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Celebrating the origins of fat lightered
Ech 3-14-18 Fat lighter

Most of you know what “fat lightered” is, but for those city folks and members who live in states that aren’t blessed with it, I will explain.
The old growth longleaf pines and slash pines that grew along the coastal lands and inland flatlands of Virginia down to Texas, had a concentration of “tar,” or rosin that helped to make the wood resistant to rot, insects and disease. The lower parts of the trees, in particular the stumps, had several hundred pounds of tar to the ton of wood and this wood is referred to as “light wood” which was long ago corrupted in southern speak to “lightered” or fat lightered, referring to its fat like properties as it sputtered and popped as it burned, much like hog fat.
The reason it was called “lightwood” was because it was used for torches in pioneer times. After an old such pine dies, and the thin layer of sapwood rots away and the finer feed roots rot away, what is left is the heartwood that is resistant to rot and can persist for decades or hundreds of years exposed to the elements.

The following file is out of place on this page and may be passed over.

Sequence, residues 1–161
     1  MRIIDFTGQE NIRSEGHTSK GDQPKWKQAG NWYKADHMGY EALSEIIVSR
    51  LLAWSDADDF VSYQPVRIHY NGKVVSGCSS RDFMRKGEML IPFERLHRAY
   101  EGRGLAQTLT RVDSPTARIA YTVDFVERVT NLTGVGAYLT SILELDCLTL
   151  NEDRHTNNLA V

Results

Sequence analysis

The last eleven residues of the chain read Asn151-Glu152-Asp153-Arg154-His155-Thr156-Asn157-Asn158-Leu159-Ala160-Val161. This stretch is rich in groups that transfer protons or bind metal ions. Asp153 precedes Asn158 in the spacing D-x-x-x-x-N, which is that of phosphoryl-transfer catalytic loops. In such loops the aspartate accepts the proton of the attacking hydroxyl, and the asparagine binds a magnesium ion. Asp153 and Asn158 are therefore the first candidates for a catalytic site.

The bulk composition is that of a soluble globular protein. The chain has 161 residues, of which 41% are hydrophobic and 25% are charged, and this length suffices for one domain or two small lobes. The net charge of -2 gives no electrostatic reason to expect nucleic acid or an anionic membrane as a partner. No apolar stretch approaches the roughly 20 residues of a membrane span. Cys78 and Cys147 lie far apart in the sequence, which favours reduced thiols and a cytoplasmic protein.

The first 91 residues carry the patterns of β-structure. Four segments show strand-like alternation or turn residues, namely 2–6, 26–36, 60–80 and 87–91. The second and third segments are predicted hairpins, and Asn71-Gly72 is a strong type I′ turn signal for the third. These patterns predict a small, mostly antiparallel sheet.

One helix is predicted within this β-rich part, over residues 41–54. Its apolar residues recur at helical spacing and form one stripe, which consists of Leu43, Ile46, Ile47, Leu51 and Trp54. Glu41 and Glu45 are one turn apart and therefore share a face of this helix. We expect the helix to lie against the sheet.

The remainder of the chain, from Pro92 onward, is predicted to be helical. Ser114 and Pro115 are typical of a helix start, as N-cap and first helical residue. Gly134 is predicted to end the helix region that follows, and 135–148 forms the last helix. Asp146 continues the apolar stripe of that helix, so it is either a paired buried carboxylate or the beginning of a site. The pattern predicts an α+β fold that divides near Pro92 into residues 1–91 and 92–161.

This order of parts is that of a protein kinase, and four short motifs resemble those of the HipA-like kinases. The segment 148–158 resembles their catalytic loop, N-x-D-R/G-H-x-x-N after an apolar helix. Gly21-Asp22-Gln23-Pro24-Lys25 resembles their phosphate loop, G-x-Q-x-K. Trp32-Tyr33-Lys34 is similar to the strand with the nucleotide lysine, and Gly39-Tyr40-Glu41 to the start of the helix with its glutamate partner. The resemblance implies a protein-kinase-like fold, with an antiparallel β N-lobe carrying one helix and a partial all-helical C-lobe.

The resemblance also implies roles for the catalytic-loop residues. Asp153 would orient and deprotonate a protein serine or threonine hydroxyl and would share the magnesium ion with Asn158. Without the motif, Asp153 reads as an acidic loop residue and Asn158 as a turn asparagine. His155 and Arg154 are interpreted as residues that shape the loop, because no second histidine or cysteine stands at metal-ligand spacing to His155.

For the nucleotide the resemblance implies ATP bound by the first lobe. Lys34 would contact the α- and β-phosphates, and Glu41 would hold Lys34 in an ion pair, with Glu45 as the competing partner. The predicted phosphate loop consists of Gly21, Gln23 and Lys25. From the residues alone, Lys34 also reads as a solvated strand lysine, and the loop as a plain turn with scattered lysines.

It was and is prized for kindling for starting fires and for other uses such as fence posts etc. The stumps have been harvested for well over 100 years and taken to plants for removing the rosin and other chemicals such as wood turpentine for industrial uses.
Pictured is a stump top that my brother cut off the other day to use for kindling, and the picture of the lightered stumps being loaded on the truck is of my Daddy’s crew in the 1970s.
He was an independent stump shipper for Hercules, Inc. of Brunswick, Geo. and this is his loader truck being loaded for a trip to the railroad siding to load railroad “gons,” the cars on which they were shipped. The stumps were pushed out of the ground with a bulldozer and skidded with tractors to the loader truck for transport.
Thanks to folks like me and my family and others who hauled away thousands and thousands of tons, fat lightered is scarce today, as the trees we cut today do not grow long enough nor are they the right type to produce it anymore, for the most part. Oh, a couple of side notes, it smells wonderful, pioneers made medicine from it and no, Hercules never made gunpowder or dynamite from lightered stumps.

Written by Wade Peebles and printed with permission from Ga Folk and Farm Life on Facebook.

This was written by Susan Exley from Historic Effingham Society. If you have photos or historical information to share contact her at 912-754-6681 or email